The film's popularity opened the door for Broncho Billy Anderson to become the screen's first cowboy star, making several hundred Western film shorts. In fact, the genre was so popular that he soon had competition in the form of Tom Mix and William S. Hart. The Golden Age of the Western film is epitomized by the work of two directors: John Ford and Howard Hawks (both of whom often used John Wayne in lead roles). The Florida Western Florida Westerns or Cracker Westerns as the title suggests are set in Florida. The film Distant Drums (1951) was one of the earliest Florida Western made. The Euro Western 'Euro Western' is often used to describe Western films made in Western Europe. One example of a Euro Western is the 1961 Anglo-Spanish film The Savage Guns. Several films were made in Germany, derived from stories by novelist Karl May. The Spaghetti Western During the 1960s and 1970s, a revival of the Western emerged in Italy with the "Spaghetti Westerns" or "Italo-Westerns". The most famous of them is The Good, the Bad, and the Ugly. Many of these films are low-budget affairs, shot in locations chosen for their inexpensive crew and production costs as well as their similarity to landscapes of the Southwestern United States. Spaghetti Westerns were characterized by the presence of more action and violence than the Hollywood Westerns. Also, the protagonists usually acted out of more selfish motives (money or revenge being the most common) than in the classical westerns.
The films directed by Sergio Leone have a parodic dimension (the strange opening scene of Once Upon a Time in the West being a reversal of Fred Zinnemann's High Noon opening scene) which gave them a different tone than the Hollywood Westerns. Veteran American actors Charles Bronson, Lee Van Cleef and Clint Eastwood became famous by starring in Spaghetti Westerns, although the films also provided a showcase for other noted actors such as Jason Robards, James Coburn, Klaus Kinski and Henry Fonda. The Contemporary Western Even though a Contemporary Western has contemporary American settings, they utilize Old West themes and motifs (a rebellious anti-hero, open plains and desert landscapes, and gunfights). They still take place in the American West and reveal the progression of the Old West mentality into the late twentieth and early twenty-first centuries. This sub-genre often features Old West-type characters struggling with displacement in a "civilized" world that rejects their outdated brand of justice.Examples include;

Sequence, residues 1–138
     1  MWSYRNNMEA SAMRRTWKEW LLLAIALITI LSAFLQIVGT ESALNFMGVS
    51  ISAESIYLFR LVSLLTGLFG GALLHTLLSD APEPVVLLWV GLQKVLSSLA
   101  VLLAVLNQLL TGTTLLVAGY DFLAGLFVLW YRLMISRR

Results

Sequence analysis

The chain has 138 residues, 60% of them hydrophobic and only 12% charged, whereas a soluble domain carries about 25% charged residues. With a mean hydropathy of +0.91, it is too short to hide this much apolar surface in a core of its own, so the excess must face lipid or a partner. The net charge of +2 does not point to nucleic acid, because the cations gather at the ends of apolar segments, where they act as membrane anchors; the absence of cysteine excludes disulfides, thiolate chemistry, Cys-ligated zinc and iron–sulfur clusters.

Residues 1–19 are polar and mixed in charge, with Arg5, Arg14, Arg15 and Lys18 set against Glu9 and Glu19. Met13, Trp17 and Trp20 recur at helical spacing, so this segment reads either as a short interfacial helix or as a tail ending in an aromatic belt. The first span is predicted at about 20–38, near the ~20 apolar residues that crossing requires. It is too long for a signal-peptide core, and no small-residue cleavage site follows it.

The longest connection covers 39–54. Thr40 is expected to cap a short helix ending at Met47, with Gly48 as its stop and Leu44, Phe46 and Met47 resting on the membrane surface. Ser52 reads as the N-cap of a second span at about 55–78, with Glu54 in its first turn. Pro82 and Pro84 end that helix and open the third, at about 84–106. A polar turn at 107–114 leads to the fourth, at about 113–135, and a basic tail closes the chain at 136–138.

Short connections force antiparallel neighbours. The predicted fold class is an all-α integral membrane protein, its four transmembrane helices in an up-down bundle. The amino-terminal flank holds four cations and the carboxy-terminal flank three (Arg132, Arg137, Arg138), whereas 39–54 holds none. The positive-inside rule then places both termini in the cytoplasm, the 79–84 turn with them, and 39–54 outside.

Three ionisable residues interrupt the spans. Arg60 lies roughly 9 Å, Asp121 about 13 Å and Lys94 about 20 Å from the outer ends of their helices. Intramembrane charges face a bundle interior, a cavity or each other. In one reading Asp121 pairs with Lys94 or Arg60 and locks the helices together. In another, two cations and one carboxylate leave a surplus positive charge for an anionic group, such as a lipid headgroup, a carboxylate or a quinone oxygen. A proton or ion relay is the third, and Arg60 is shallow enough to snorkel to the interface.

- Hud starring Paul Newman (1963)
- Sam Peckinpah's The Getaway (1972)
- Robert Rodríguez's El Mariachi (1992)
- Once Upon a Time in Mexico (2003)
- John Sayles's Lone Star (1996)
- Tommy Lee Jones's The Three Burials of Melquiades Estrada (2005)
- Ang Lee's Brokeback Mountain (2005)
- Wim Wenders's Don't Come Knocking (2005)
- Hearts of the West starring Jeff Bridges (1975)
- John Sturges's Bad Day at Black Rock (1955)
...and the Coen brothers Academy Award-winning No Country For Old Men (2007).
The Science Fiction Western The Weird Western The Horror Western The Horror Western is a developing sub genre with roots in films such as Billy the Kid vs. Dracula (1966), which depicts the legendary outlaw Billy the Kid fighting against the notorious vampire. The Ghoul Goes West was an unproduced Ed Wood film to star Bela Lugosi as Dracula in the Old West.
Recent examples include the 1999 film Ravenous, which deals with cannibalism at a remote US army outpost, and the 2008 film The Burrowers, about a band of trackers who are stalked by the titular creatures. This sub genre imitates, comments on, or trivializes the genres established traits, subjects, styles or other target by means of humorous or ironic imitation. Such titles include Blazing Saddles, The Hallelujah Trail, The Scalphunters, Rustlers' Rhapsody, and Maverick. The western Satire Genre A most recent example of a western film is "Django Unchained"- a 2012 American western film written and directed by Quentin Tarantino. The film starred Jamie Foxx, Christoph Waltz, Leonardo DiCaprio, Kerry Washington, and Samuel L. Jackson and was released on December 25, 2012 in North America. Most Recently...